Friday, September 24, 2021

Q&A with Mandy Robotham




Photo by Kirsty Woodward-Owen
Mandy Robotham is the author of the new novel The Girl Behind the Wall, which focuses on Berlin in the 1960s. Her other novels include The Berlin Girl. A former midwife, she is based in the UK.


Q: What inspired you to write The Girl Behind the Wall, and how did you create your characters Jutta and Karin, who are twins?


A: I’d been researching wartime Berlin for my third book, The Berlin Girl, and I just kept reading past the war years in the ‘60s.


As a child growing up, I remembered the Wall as something “being there” in the background, and then the momentous fall, but I knew very little about the years before that point. How did it come about? It was then I discovered it had gone up overnight and I was enticed from that moment.


The characters came quickly; I wondered how it would feel to be separated from a close family member, which led me to the twin scenario, of being forcibly divided from someone who is – in essence – the other half of you.


Q: As you mentioned, you've written about Berlin during World War II--what kind of research did you do to recreate Berlin in the 1960s, and did you learn anything that especially surprised you?


A: I’m generally fascinated by the ‘60s as a decade, and with this research I was like a pig in clover.


I accessed two very good textbooks focused on the Wall, but I also read memoirs and novels focused on East and West Berlin, watched a lot of Pathe news reels and films set around the time, noting the clothes they wore, food they bought and the café style.


I did manage a quick trip to Berlin between lockdowns and that was invaluable; I sat in Café Sybille, and under the red and white awning at Kranzlers’ (which, I’m sure, counts as bone fide research!).


More importantly, I went to the Stasi museum and the prison, where I stood in the cells of political prisoners – very sobering.  The GDR Museum is also a mine of information, as well as being fun and quirky.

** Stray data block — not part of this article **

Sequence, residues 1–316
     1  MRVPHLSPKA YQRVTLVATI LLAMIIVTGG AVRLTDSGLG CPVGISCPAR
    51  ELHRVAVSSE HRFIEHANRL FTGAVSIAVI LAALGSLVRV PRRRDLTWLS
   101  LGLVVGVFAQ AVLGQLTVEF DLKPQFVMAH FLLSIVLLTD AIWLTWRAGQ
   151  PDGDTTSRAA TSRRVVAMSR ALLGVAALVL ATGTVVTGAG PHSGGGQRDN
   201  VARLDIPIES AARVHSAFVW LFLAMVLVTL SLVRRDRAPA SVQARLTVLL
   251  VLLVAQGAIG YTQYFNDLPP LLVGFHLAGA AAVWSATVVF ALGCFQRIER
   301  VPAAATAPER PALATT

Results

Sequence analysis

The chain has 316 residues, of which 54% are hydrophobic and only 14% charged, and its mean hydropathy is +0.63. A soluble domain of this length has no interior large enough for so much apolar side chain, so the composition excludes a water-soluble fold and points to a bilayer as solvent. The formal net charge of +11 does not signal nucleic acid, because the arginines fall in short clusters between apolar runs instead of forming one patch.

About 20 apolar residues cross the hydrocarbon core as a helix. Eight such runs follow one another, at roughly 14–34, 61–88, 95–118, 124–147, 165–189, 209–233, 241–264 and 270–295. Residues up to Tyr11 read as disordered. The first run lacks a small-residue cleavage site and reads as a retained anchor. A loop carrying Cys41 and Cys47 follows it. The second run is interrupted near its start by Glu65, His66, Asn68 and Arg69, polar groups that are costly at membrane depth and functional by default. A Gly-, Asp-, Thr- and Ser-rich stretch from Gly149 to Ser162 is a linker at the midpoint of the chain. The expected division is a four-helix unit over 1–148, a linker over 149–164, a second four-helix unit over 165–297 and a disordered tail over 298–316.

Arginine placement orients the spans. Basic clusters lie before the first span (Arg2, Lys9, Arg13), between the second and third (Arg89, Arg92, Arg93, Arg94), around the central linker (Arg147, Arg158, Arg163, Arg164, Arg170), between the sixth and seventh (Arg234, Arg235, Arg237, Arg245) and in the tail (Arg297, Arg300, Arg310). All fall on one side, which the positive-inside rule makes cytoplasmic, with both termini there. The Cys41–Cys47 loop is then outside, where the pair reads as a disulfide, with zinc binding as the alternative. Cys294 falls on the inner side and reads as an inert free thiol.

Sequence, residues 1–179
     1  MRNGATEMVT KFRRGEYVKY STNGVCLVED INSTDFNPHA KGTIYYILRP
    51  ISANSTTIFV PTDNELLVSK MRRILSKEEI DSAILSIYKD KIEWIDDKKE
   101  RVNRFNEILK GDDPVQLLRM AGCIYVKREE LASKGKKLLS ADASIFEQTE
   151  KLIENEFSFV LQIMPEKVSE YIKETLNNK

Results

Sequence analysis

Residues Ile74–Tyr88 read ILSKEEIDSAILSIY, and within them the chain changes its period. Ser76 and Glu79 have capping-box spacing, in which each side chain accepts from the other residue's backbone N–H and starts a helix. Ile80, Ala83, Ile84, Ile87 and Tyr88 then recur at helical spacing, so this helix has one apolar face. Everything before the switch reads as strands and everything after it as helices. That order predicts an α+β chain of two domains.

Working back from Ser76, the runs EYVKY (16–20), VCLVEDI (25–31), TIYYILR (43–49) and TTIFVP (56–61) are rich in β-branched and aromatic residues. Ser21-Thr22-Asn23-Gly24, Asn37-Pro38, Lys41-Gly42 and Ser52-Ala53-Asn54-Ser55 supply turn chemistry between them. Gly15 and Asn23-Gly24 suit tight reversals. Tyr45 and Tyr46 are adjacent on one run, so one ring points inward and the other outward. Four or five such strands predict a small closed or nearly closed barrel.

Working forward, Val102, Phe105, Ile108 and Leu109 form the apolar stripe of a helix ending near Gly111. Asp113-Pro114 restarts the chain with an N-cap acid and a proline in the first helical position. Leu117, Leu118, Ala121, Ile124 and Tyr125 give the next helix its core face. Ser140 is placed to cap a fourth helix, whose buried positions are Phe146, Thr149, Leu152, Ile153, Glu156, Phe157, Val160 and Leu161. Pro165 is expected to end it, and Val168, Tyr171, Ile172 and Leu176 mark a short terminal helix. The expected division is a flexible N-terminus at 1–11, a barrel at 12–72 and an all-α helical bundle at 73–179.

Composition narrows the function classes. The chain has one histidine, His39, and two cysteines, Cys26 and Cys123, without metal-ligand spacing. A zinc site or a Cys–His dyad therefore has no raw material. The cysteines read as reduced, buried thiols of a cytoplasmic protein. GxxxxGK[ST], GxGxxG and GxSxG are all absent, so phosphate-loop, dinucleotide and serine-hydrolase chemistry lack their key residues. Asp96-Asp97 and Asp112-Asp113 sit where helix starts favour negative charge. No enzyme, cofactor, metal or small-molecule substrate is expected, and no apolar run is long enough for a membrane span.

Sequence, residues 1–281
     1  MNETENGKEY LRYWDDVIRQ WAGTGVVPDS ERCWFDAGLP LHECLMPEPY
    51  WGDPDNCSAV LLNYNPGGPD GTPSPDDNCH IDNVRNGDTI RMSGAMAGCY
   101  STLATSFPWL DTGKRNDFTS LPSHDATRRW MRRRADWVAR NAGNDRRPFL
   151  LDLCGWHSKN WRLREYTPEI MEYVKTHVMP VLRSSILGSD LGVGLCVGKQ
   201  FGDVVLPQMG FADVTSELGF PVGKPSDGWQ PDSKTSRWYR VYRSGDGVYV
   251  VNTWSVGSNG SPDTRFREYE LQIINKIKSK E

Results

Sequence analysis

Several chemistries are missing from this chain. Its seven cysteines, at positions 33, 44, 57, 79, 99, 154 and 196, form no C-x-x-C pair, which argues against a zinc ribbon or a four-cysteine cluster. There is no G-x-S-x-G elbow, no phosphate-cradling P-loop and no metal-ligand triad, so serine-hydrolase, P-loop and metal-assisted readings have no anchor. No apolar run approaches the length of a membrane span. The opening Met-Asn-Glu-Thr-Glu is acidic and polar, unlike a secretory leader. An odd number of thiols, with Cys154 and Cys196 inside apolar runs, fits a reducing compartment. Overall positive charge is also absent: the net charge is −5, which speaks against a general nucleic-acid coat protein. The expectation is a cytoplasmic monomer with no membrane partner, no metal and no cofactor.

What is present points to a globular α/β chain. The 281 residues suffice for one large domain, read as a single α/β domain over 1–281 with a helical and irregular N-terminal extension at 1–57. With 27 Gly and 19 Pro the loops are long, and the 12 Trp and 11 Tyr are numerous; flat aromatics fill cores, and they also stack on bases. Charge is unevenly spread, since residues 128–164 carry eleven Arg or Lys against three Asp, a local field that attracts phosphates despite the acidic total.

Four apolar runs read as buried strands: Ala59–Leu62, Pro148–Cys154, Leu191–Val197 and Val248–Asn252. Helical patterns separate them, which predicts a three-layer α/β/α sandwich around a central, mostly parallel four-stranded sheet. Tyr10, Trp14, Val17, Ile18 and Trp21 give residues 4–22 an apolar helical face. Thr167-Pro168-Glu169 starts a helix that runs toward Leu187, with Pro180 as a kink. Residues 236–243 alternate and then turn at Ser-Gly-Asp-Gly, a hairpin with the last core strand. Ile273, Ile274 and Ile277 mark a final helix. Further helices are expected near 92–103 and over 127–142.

The surprise for me remains the speed at which the Wall went up amid such secrecy, but also how Berliners assimilated and simply got on with life; much like the war and the blockade of ’48, they had to. With our world in a virtual lockdown, that really resonated as I was writing the book.


Q: How would you describe the relationship between Jutta and Karin?


A: I think that up until the point where the novel starts, they do genuinely see themselves as entwined and quite dependent – they’ve been through a lot with the war, the loss of their father and the ’48 blockade. They cling to each other and the family for certainty.


I spoke to some twin sisters and they reported the same closeness while growing up.


While I’m reluctant to say the Wall was ever a good thing, it does force independence on Jutta and Karin, albeit in the cruelest way. They begin to find themselves as individuals, but as I say in the book, the bond – their thread – is tested to breaking point. Readers will have to see if it’s strong enough to survive!


Q: What do you think the novel says about building walls?


A: That they are, in the main, divisive.


There may have been a time in history where walls were protective, in the mediaeval period where bricks and mortar actually shielded city dwellers from dangerous invaders. In modern times, however, I think they’ve been used to repel and divide.


I’m also convinced that no wall is insurmountable. It may take time, but as the Berlin Wall illustrates, the people will always triumph. There are many ways to climb up and over, and to bring it down.   


Q: What are you working on now?


A: I’m going back to World War II for my fifth novel, this time to Scandinavia, where there’s a wealth of human stories to be told. It’s an area which saw much less open combat, but a good deal of subterfuge and resistance bravery. I’m writing on a subject that was briefly touched upon in my very first book, and so it’s nice to come full circle in a way.


Q: Anything else we should know?


A: I absolutely love being a full-time writer now, which gives me time to really submerge myself in the research. I count myself very lucky I can do that, especially over the last 18 months. People often ask if I ever run out of ideas, but it’s actually the opposite – I’ve got so many potential books buzzing around inside my head, I often have trouble sleeping! 


--Interview with Deborah Kalb. Here's a previous Q&A with Mandy Robotham.

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